Indeed, Iago is so good at lying, it seems he is able to convince even himself that he has sound reason to destroy those around him (He ‘believes’ that both Cassio and Othello have slept with his wife for example). After ‘honest Iago’ is bid ‘Good-night’ by Othello in Act 2, scene 3, he speaks directly to the audince in a speech which is both powerful, full of dramatic irony and repulsive. He is completely aware of the feeling he evokes and appears to relish them.
He opens with a line that is simply dripping with sarcasm, ‘And what’s he that says I play the villian? ‘ ,it appears that he enjoys teasing the audience in this manner, he has the audacity to claim that his advice to Cassio to appeal to Desdemona to get his job back was exactly what a genuine friend would advise, and, frustratingly, the audience knows that he is right, horrified, they hear how this ‘good advice’ will be turned against Cassio.
By revealing to the audience his plan to ‘enmesh them all’, they can watch the terrible consequences of his lies unfold helplessly and Iago seems to be proud of the situation he is creating. One feels that he is only revealing his plan to them so that his twisted genius can be apprciated. This follows Samuel Coleridge’s view (Omniana, 1812) that Iagos motives for action were his ‘keen sense of intellectual superiority’ and his ‘love of exerting power’, he does take great delight in his ability to control those around him with such appaerent ease.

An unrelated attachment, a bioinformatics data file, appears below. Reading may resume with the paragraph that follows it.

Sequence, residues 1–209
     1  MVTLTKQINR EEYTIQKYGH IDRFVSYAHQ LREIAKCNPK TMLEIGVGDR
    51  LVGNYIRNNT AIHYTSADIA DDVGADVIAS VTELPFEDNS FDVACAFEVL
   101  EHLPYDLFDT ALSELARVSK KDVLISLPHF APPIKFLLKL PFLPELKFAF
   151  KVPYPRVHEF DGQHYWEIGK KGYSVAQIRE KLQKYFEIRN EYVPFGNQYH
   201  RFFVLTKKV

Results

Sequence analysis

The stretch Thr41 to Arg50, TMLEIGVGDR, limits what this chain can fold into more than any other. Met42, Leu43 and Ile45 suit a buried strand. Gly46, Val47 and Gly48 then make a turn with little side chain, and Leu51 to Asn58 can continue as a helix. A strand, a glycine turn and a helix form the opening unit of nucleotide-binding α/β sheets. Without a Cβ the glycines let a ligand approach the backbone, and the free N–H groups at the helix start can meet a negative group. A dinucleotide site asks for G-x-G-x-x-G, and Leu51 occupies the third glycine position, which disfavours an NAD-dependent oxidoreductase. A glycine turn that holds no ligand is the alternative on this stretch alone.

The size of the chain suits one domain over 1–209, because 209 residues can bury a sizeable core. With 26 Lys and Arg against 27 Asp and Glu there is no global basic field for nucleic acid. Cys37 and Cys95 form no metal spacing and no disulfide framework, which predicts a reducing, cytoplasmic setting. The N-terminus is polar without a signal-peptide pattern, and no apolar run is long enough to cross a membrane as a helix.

ANother soliloquy in which he reveals further plot developmet to the audience is in Act 3, scene 3, it begins with his dismissing his wife Emilia, “Go, leave me” he says after she has just given him the handkercheif which is integral to his furthering the demsie of Othello (his all-consuming goal), and yet recieves no thanks or praise from him showing the poor condition of their relationship.